Here is a proof of Euler's formula in the plane and on a sphere together with projects to explore cases of the formula for a polygon with holes, for the torus and other solids with holes and the. . . .

In this 7-sandwich: 7 1 3 1 6 4 3 5 7 2 4 6 2 5 there are 7 numbers between the 7s, 6 between the 6s etc. The article shows which values of n can make n-sandwiches and which cannot.

Take a number, add its digits then multiply the digits together, then multiply these two results. If you get the same number it is an SP number.

In this third of five articles we prove that whatever whole number we start with for the Happy Number sequence we will always end up with some set of numbers being repeated over and over again.

This article looks at knight's moves on a chess board and introduces you to the idea of vectors and vector addition.

This article extends the discussions in "Whole number dynamics I". Continuing the proof that, for all starting points, the Happy Number sequence goes into a loop or homes in on a fixed point.

The first of five articles concentrating on whole number dynamics, ideas of general dynamical systems are introduced and seen in concrete cases.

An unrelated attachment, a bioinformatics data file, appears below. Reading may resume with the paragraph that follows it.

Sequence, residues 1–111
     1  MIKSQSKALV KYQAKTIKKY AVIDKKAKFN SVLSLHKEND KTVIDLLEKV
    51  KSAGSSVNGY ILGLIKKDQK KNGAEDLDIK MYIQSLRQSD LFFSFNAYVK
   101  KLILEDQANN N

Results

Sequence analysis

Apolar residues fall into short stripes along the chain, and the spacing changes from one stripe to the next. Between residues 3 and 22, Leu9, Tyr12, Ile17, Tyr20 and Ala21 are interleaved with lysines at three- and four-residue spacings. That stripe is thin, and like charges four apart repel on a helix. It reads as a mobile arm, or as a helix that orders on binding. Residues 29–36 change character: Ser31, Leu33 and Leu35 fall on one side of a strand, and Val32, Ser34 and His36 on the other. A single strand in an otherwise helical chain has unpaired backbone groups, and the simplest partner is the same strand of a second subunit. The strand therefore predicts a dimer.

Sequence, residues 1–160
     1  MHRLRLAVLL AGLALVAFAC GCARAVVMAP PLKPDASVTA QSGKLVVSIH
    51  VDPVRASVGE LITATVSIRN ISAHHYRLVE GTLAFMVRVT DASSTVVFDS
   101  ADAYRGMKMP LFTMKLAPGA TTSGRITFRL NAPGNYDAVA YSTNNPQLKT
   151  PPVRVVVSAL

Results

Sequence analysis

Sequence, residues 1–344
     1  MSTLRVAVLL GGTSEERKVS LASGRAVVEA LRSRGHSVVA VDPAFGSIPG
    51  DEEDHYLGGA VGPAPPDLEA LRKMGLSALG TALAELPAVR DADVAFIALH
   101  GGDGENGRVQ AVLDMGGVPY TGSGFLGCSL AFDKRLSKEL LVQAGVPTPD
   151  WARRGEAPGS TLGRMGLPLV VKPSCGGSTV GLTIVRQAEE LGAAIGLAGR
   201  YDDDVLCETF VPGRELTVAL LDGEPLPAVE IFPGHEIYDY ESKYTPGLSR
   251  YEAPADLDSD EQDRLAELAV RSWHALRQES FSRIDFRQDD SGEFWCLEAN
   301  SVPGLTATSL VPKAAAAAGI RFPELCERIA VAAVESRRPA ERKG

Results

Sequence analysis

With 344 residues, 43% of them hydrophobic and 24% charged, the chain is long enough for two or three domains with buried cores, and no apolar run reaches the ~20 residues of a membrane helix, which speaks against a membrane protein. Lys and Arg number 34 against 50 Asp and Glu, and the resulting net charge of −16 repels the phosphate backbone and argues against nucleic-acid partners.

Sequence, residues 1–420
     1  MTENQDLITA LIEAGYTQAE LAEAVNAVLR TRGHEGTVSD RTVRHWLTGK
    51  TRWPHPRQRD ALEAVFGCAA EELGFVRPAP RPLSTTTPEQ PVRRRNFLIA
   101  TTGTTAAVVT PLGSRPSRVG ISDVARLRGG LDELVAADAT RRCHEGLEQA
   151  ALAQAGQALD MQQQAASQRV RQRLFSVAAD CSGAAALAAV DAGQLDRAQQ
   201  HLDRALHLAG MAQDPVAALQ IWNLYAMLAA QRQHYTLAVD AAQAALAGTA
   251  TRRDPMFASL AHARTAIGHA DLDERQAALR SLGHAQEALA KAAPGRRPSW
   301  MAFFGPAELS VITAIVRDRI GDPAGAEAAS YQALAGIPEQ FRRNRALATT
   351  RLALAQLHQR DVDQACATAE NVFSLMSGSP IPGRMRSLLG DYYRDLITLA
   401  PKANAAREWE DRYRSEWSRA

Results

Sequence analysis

This is the second article on right-angled triangles whose edge lengths are whole numbers.

When if ever do you get the right answer if you add two fractions by adding the numerators and adding the denominators?

Start with any whole number N, write N as a multiple of 10 plus a remainder R and produce a new whole number N'. Repeat. What happens?

The final of five articles which containe the proof of why the sequence introduced in article IV either reaches the fixed point 0 or the sequence enters a repeating cycle of four values.

An article which gives an account of some properties of magic squares.

An account of methods for finding whether or not a number can be written as the sum of two or more squares or as the sum of two or more cubes.

This article discusses how every Pythagorean triple (a, b, c) can be illustrated by a square and an L shape within another square. You are invited to find some triples for yourself.

Some puzzles requiring no knowledge of knot theory, just a careful inspection of the patterns. A glimpse of the classification of knots and a little about prime knots, crossing numbers and. . . .